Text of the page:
KELLY EDWARDS is the veteran producer and creative executive who has worked with every major Hollywood studio. Mentored by legendary director Garry Marshall at Disney and famed producer Laura Ziskin at Sony, Edwards has served as a comedy executive at Fox and headed up UPN's comedy division. Her book THE EXECUTIVE CHAIR: A Writer's Guide to TV Series Development is brand new from Michael Wiese Productions. We spoke recently about social protocols, navigating Hollywood, and breaking into and staying in the industry.
Order Kelly's book here.
Dave Watson: First of all, congratulations on your book. Your journey through the entertainment industry is uniquely yours. How did this book come about?
Kelly Edwards: As you see from the book, I outline what that journey was, and how every single opportunity I’ve ever had, came from a hookup from a friend. I used to scoff at the term “It’s who you know.” But my entire career is the perfect example of that.
I happened to connect with writing coach Jen Grisanti at some event and she recommended I meet Claire Terry who runs the Rocaberti Writers Retreat. Through Rocaberti, I met Kathie Fong-Yoneda who said, “You should meet Ken Lee who works for Michael Wiese Productions. I think you should write a book.” I got a call from Ken two days later. He said, “How would you like to write a book?” And we were off to the races. It was an unlikely chain of events. But here I am, now an author.
DW: The book starts with a section called Laying the Groundwork. This always seems important in navigating the system and getting your story made. Why?
KE: I always think you need to know the rules of the road about the sort of business you’re getting into. You need to know how things get bought and what the development cycle season is. You have to do your research before you enter into it. I say all the time, “Meet people where they are.” You need to know what was a precursor to streaming and when to pitch your show. If you’re pitching to the broadcast networks, you’re not going to go in December. No one’s going to buy in December or January. In July or August, they will buy. If you don’t know that, you’re going to miss your mark.
DW: So, timing seems key.
KE: Absolutely. We’re seeing the sun setting on network TV. Not that they’re going to go away, but they are changing and evolving. You need to know how they are changing so you can find your audience. You also have to take a look at where those audiences have migrated to. At one point there were the three big networks, then there were four, then five, then cable and premium cable. You have to see what audiences the networks are going after. Where you’ll pitch your male-driven drama or female-driven drama, or your comedy. If you’re looking for a younger audience, you’re going to go to the CW or Freeform.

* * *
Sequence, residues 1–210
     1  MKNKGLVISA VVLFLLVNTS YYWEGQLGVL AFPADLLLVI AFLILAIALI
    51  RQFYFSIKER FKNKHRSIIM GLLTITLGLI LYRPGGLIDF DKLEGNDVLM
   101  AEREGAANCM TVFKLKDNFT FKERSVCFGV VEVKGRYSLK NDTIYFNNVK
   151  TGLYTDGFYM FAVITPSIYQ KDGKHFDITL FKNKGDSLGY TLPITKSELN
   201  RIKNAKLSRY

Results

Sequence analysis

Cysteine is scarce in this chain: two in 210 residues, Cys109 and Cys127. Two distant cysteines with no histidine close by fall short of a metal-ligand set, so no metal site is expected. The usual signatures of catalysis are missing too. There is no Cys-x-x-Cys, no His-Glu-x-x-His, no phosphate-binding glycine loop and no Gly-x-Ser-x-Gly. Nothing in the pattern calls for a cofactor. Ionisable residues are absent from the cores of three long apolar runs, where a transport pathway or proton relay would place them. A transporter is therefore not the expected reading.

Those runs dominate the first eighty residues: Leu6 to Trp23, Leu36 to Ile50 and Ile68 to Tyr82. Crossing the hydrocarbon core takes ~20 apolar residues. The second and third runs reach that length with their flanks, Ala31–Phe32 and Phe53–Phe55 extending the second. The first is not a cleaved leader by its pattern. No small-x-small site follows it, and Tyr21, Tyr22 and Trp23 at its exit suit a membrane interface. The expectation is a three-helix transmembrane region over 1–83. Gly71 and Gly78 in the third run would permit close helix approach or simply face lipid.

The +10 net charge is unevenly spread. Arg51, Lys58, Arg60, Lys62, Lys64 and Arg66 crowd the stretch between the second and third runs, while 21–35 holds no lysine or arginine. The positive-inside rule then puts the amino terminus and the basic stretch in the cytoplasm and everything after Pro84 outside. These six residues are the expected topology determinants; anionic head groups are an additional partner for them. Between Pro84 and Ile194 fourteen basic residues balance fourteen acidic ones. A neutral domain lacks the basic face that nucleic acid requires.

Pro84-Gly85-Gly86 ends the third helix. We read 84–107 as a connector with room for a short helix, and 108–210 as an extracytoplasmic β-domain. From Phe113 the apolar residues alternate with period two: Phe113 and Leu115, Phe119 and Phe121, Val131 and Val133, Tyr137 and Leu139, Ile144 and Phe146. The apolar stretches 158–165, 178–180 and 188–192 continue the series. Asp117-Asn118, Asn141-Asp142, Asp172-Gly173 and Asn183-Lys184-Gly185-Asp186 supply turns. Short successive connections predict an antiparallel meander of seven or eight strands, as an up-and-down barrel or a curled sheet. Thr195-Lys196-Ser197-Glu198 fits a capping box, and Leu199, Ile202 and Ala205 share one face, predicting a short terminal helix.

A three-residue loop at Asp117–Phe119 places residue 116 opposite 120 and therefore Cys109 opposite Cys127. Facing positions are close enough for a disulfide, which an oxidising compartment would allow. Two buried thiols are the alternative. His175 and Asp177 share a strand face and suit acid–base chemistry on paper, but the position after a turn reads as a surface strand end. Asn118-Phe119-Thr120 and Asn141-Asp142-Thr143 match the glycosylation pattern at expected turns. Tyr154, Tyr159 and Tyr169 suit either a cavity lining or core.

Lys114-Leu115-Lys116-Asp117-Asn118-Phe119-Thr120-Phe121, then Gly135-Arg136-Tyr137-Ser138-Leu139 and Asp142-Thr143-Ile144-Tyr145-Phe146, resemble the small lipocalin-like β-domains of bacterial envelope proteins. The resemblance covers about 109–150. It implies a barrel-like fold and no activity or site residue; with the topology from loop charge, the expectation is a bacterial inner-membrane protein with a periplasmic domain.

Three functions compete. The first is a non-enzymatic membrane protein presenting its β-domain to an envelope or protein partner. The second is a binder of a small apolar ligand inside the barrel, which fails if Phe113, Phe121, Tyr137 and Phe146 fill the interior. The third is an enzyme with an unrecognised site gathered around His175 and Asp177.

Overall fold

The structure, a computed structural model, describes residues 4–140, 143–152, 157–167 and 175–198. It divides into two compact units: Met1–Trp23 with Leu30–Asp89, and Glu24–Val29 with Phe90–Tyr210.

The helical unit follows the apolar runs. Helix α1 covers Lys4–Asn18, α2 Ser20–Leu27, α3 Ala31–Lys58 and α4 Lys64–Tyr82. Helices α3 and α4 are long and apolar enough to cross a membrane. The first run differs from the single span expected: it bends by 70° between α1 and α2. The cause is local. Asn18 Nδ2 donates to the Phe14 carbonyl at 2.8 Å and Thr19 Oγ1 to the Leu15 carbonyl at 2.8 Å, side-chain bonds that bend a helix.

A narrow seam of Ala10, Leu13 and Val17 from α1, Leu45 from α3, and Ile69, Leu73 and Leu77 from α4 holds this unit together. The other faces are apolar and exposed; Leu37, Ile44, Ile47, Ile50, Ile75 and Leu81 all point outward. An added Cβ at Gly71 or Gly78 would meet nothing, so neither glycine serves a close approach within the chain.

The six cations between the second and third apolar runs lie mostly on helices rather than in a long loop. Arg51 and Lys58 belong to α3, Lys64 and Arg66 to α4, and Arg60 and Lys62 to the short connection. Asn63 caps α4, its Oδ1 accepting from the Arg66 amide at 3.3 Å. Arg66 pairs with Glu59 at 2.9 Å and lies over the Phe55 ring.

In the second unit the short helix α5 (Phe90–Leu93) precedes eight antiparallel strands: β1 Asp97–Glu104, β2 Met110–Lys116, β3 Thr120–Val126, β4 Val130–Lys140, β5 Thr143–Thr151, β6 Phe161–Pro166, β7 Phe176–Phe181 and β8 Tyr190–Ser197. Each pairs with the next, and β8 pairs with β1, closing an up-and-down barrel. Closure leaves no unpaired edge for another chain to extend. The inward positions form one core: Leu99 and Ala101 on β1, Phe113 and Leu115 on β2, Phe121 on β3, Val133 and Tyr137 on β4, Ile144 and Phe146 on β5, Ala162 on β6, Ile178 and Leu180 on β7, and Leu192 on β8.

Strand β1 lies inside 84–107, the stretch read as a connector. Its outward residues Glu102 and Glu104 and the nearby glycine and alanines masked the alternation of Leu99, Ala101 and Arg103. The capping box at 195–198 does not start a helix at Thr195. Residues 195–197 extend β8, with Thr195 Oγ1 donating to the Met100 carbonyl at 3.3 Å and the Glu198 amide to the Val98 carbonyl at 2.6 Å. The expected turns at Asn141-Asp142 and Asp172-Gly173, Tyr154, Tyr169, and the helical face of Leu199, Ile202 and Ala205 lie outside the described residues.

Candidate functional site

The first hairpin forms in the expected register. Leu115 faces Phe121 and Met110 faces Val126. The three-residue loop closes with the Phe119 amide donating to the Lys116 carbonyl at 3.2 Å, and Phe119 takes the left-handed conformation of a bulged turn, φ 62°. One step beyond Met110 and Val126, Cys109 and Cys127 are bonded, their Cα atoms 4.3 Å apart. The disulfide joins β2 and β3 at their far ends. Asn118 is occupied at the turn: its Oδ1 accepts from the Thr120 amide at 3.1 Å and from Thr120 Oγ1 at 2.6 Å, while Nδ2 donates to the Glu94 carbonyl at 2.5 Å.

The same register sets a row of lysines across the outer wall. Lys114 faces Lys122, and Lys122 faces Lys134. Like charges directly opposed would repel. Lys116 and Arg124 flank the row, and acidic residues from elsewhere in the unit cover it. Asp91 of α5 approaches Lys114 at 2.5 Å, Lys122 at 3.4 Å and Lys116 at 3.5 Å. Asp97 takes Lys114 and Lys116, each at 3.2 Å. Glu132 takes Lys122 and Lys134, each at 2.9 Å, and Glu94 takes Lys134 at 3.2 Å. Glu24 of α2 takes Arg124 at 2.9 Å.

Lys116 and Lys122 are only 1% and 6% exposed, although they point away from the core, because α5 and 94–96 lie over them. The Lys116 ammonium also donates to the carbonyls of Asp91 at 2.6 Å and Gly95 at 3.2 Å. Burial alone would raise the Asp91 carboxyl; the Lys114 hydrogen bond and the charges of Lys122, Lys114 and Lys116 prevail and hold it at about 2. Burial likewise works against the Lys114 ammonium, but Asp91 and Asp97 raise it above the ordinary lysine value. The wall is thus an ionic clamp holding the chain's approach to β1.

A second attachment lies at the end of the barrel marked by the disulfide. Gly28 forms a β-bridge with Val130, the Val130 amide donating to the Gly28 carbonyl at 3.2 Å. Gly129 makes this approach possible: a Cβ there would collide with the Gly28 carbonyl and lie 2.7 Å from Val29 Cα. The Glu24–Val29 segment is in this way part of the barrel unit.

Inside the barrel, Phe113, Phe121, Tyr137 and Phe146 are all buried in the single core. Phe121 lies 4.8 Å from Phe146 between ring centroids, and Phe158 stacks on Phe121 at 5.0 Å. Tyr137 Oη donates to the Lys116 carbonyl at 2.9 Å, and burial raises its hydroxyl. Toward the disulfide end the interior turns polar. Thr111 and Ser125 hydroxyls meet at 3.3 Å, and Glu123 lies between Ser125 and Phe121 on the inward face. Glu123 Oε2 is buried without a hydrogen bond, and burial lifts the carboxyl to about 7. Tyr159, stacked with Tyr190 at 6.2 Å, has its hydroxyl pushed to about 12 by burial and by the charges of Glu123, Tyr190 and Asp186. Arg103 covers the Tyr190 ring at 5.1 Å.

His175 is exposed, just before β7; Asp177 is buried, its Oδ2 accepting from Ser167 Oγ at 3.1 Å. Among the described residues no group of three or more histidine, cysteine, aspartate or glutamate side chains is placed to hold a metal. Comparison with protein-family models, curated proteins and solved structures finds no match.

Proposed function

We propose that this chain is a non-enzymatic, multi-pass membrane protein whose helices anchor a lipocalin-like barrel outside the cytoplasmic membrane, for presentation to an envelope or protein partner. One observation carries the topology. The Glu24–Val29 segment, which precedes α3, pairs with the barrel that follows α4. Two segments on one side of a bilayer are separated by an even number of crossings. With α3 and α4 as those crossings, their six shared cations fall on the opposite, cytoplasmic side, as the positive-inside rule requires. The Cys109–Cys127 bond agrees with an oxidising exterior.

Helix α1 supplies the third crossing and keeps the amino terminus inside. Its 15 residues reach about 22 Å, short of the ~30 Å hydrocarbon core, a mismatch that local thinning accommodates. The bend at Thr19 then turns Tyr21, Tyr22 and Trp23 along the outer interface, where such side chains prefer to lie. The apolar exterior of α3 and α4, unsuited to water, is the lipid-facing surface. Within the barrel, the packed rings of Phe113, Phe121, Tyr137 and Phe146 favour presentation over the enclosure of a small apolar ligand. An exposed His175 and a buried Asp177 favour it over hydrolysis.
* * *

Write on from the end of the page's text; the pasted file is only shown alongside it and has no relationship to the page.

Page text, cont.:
It takes so much time just to create a pitch, taking it to the wrong place is a waste. I pitched a few ideas earlier this year and it’s exhausting. It was really hard to do on Zoom. So why not take your best shot at the best place that will actually be open and receptive to your ideas.
DW: You also have a chapter called, "Let's Do Lunch." I thought back to the memoir, You’ll never Eat Lunch in this Town Again.
KE: Yes! Great book!.
DW: These meetings seem key in Hollywood. What's this section about? Manners and social skills seem perennially important in Hollywood.
KE: This is not rocket science. It’s not brain surgery. It’s just information people outside the industry don’t usually get until they are on the inside. The idea for this book came out of the fact that I go to lots of festivals and conferences where I meet emerging artists. Because I came from both film and TV, and was a producer, and now I’m writer on Our Kind Of People, I have a very comprehensive, 360 degree-view of the industry and I’ve seen how it works, heard those insider conversations, and been privy to the intricacies of the industry.
When you send your resume to a company, it goes through an online portal. They do that for legal reasons. Usually when those things work in your favor, there’s another connection that has been made. Your resume is noticed because you’ve put in keywords that are also in the job description, such as “digital.” They search for those things. I’ve worked next to HR in the diversity space, and there are those little, tiny secrets and I keep thinking, “Why don’t we let people know these secrets? Why don’t we let them know how to follow up in a less-annoying way?”
This industry thrives on new voices. How are we going to get those voices into the tent? You have to make it easier. Let’s lower the barrier to entry and let new people in. Let’s make sure everyone has an easier shot than they do now.
When I got into this business right after college, I was like a stranger in a strange land. When people talked about lunch, I thought, “Why should we do lunch? We’re talking on the phone.” Then I realized, you do lunch to get to know people and form a working relationship with them that will last decades. You will run into these same people at events for the rest of your life. Everybody you start with, you end up with.
The important thing is to establish those relationships early, then develop and foster them.
DW: It almost sounds like a growth mindset. You have to keep growing.